Since an appeal from the UT to the Court of Appeal lies only on a point of law, the SSHD argued that the UT failed to have regard to material considerations and also failed to give adequate reasons for determining that JR is homosexual and is not dangerous to the UK’s community. Centrally, Kay LJ observed that:
5. It is the conclusion on homosexuality that is pivotal. If it is unassailable, it is common ground that JR succeeds on Article 3. Section 72 [Serious criminal, Nationality Immigration and Asylum Act 2002] and dangerousness only arise in the context of refugee status. However, refugee status remains a relevant issue, even if JR succeeds in relation to Article 3, because it would bring with it additional benefits as regards the form and duration of the leave to remain which would ensue. Because Article 3 is freestanding and unencumbered by section 72 I shall take the course that was agreed in the UT and deal with it first.
The court recalled that JR’s homosexuality claim was missing from his earlier asylum application and appeal and so the SSHD rejected the claim as inconsistent. Similarly, the presentation officer in the FtT submitted that the claim was a last minute concoction to avoid being deported. Although the FtT was cautious about JR’s late claim that he was gay, after anxiously scrutinising all the evidence the FtT nevertheless decided that JR’s witnesses’ testimony was believable; he just wanted to live life freely as a gay man. His mother’s testimony was compelling. She said that JR did not raise being homosexual at an earlier juncture because of the extreme intolerance prevalent in Caribbean society about gay people. Both the UT and the UT judge refusing the SSHD permission to appeal thought that the FtT was right in allowing his appeal dually on refugee grounds and Article 3.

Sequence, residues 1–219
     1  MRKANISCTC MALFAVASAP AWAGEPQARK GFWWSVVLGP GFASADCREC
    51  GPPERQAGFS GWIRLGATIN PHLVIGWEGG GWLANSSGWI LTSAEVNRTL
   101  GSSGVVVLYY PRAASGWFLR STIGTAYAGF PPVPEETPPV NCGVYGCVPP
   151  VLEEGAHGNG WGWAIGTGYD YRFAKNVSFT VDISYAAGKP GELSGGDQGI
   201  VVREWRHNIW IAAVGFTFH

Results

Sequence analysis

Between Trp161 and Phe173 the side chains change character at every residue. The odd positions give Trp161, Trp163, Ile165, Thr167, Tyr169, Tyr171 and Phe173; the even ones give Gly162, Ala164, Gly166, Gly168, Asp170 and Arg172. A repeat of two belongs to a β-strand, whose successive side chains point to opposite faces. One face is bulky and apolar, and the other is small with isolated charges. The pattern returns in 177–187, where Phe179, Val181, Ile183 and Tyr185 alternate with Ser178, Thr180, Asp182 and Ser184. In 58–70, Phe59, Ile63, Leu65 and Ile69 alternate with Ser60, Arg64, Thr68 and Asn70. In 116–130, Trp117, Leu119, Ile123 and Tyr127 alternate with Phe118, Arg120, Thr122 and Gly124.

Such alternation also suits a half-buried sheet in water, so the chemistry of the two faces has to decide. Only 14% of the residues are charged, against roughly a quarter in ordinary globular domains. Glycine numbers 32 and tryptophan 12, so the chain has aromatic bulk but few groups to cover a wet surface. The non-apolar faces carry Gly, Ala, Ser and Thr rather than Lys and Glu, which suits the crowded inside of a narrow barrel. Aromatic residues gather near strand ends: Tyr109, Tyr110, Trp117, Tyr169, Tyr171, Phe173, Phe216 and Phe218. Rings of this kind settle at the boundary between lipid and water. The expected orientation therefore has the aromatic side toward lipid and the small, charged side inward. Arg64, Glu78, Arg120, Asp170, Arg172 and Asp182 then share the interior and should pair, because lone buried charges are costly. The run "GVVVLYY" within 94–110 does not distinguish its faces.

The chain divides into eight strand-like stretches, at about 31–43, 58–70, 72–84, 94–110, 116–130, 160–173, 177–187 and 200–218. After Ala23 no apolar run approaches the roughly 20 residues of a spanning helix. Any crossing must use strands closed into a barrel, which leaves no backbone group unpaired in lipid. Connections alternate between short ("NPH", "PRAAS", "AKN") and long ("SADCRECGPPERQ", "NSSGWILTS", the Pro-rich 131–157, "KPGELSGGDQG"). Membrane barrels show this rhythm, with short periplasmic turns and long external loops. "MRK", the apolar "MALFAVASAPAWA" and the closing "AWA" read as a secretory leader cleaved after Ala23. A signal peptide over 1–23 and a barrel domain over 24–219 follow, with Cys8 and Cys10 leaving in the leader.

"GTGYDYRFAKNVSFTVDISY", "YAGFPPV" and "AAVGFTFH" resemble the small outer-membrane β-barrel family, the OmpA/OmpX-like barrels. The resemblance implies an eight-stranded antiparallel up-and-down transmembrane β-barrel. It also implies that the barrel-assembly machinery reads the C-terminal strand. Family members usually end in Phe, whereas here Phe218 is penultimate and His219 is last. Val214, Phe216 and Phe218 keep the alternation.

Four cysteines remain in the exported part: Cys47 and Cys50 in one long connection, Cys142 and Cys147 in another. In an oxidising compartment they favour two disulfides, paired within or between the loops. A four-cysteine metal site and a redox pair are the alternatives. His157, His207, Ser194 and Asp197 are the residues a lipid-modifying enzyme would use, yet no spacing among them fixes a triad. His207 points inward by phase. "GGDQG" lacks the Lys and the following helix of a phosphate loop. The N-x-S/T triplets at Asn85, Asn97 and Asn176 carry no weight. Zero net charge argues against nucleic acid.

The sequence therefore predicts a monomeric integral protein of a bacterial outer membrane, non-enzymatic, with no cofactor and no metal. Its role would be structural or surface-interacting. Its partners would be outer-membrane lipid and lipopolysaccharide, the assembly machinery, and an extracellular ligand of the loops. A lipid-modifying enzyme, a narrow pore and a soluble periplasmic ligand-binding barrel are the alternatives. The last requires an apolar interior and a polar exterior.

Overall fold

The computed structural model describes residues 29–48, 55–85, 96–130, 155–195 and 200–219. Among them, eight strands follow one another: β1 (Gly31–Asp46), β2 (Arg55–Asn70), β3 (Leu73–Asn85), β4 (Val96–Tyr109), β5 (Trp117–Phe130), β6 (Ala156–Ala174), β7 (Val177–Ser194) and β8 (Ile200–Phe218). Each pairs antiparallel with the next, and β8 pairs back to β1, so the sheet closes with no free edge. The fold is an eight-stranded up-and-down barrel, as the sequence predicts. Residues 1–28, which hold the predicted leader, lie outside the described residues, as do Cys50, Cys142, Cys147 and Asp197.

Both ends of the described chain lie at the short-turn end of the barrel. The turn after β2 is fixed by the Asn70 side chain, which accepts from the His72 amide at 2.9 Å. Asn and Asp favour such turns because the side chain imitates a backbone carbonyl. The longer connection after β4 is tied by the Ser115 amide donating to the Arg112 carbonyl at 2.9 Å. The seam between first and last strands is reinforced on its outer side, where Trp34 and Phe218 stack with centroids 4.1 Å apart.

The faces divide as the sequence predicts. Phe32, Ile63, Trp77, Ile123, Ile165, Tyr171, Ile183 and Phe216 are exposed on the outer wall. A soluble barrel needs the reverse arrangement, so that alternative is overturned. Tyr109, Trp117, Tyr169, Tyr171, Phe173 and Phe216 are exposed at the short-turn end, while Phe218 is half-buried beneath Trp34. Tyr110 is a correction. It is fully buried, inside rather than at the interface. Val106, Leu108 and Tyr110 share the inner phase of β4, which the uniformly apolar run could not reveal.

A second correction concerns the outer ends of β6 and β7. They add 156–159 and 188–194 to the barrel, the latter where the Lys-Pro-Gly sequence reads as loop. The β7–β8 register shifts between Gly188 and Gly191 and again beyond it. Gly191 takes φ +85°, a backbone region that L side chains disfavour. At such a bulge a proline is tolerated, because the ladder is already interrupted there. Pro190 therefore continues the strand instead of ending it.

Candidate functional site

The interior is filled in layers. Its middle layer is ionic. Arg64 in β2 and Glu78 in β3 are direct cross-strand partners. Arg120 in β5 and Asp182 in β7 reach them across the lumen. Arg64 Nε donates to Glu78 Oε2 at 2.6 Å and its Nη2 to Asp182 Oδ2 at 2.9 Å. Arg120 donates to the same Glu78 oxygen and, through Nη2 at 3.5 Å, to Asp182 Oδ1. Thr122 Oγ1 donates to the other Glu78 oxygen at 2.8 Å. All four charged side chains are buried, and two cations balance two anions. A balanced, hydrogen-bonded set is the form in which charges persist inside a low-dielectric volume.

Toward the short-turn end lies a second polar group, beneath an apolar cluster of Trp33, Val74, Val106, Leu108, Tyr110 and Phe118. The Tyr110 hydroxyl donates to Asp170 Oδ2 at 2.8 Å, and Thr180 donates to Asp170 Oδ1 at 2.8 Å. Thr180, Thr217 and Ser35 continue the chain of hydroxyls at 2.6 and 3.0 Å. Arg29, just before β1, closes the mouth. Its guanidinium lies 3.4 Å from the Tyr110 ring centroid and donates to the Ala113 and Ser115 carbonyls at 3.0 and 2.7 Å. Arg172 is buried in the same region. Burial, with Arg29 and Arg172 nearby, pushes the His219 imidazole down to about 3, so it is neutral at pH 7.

Of course, the SSHD still complained that JR’s disclosure as regards being gay was too late; it was and afterthought. But he overcame that point as his expert psychiatrist opined that he was open and honest about his sexuality and he had told his mother and others about his sexual preferences. He had understandably remained in the closet so as to avoid prejudice. Equally, any inconsistencies in JR’s story were “unremarkable” and Kay LJ put the rest in the following way: